Slack Technologies is the fastest-growing software-as-a-service (SaaS) company of all time and a Silicon Valley favorite, yet the direct public offering (DPO) clearly did not go well for public investors.
The shares WORK, +8.03% opened at $38.50 on June 20, rose to $42 intraday, and have now sunk to a record-low of $26.25 in after-market hours leading into its first earnings report as a public company.
The losses are at 36% from its intraday high, and that occurred when many cloud-software initial public offerings (IPOs) have enjoyed triple-digit returns since going public.
So what went wrong? And, more importantly for growth investors, will things go right for San Francisco-based Slack soon?
Before the company releases second-quarter earnings Sept. 4, here’s insight into its revenue, valuation and competitors.
Slack’s product — an instant-messaging and collaboration system — has massive potential with a 143% net customer retention rate, yet the financials undermine the company’s growth trajectory. For instance, guidance for the current fiscal year is at 47% to 50% revenue growth year-over-year, down from 82% in the prior year. The slower growth, which was revealed in an updated prospectus two weeks before going public, was unlikely to win over many people regardless of how much traction the product has with current users.
Yet, there is impressive traction, with the average user keeping the app open for nine hours on her computer and engaging with it for 90 minutes a day. Compare that with the daily time spent on Facebook FB, +2.60% 58 minutes, Instagram, 53 minutes, YouTube, 40 minutes, Pinterest, 14 minutes, and messaging app WhatsApp, 28 minutes.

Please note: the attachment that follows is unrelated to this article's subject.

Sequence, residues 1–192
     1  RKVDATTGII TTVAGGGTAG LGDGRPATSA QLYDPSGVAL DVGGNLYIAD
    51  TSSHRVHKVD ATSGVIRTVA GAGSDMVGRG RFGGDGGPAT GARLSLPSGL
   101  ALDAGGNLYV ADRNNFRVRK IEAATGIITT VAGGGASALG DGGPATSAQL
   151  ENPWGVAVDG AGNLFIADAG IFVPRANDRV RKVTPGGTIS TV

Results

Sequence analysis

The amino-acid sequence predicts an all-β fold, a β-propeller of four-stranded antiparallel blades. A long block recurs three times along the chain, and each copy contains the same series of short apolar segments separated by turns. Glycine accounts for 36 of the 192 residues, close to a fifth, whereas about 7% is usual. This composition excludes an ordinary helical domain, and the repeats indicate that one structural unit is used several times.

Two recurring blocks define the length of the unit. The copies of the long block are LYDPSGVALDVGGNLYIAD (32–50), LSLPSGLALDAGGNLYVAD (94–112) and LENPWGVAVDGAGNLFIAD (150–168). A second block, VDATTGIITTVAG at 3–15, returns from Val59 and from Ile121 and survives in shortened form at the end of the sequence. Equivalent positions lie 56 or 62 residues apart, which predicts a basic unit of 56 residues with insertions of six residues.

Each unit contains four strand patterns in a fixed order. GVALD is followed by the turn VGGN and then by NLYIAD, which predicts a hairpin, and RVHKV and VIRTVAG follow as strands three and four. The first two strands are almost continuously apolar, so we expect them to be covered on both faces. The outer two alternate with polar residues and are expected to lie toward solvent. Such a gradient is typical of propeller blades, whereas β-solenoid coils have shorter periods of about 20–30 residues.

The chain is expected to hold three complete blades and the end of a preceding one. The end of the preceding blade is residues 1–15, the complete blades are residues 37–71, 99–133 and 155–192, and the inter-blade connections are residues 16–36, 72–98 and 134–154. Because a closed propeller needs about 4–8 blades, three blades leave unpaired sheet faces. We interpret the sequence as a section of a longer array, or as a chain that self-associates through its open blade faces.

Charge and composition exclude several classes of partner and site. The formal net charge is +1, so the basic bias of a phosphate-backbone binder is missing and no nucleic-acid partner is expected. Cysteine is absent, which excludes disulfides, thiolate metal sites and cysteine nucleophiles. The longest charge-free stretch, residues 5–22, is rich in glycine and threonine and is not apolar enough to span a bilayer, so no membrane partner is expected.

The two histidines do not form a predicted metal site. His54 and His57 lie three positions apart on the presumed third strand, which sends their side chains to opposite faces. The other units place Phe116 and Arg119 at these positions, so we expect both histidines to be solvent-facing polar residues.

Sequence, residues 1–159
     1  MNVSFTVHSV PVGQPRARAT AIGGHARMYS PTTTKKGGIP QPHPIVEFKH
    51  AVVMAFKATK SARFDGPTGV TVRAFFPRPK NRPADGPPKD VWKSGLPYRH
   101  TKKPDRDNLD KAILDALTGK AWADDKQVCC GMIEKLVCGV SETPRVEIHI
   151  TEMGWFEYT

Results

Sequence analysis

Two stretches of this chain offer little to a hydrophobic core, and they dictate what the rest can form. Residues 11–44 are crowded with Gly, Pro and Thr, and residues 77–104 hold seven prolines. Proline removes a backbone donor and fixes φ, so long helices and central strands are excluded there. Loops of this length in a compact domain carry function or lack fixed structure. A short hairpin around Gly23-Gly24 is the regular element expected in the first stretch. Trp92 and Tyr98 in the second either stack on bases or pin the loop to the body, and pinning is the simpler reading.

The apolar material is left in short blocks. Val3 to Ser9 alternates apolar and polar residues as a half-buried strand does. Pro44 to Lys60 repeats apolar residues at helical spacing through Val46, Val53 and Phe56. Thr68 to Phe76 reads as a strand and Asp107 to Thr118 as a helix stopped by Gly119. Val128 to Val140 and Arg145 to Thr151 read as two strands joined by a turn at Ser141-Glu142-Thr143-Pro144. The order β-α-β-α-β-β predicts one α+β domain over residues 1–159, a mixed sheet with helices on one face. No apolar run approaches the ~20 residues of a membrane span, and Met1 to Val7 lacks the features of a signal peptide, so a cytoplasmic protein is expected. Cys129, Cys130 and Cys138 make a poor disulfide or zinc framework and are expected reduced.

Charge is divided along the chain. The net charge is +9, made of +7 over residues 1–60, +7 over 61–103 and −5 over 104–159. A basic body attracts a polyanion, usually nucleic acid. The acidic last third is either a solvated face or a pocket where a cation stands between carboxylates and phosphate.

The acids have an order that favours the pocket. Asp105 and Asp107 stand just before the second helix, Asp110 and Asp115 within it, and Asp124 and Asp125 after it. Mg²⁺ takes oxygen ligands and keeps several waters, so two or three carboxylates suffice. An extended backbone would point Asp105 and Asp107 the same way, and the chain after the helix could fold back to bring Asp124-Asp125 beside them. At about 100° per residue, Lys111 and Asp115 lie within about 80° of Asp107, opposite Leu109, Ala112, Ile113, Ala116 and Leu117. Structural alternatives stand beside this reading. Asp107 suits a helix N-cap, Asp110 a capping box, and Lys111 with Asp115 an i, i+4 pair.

As I covered before the DPO, both sides of the debate have valid points when evaluating Slack’s future stock performance. However, due to Slack’s product strength, my prediction is the stock will have a turnaround as user loyalty will overcome the financial turbulence. The questions that remain: timing and valuation for entry.
Divergence in user base
Slack’s revenue grew 110% in fiscal years 2017-2018, and then slowed to 82% in 2018-2019. The company is now forecasting 47%-50% growth in the current fiscal year with revenue between $590 million and $600 million, compared with $400 million in fiscal 2019. This year’s estimated adjusted loss is estimated to be 41 cents to 44 cents a share.
On June 3, Slack released an updated prospectus that showed growth in customers worth over $100,000 in contracts, yet revealed a decline across paid user growth from 9,000 in the year-earlier quarter to 7,000 in the current quarter.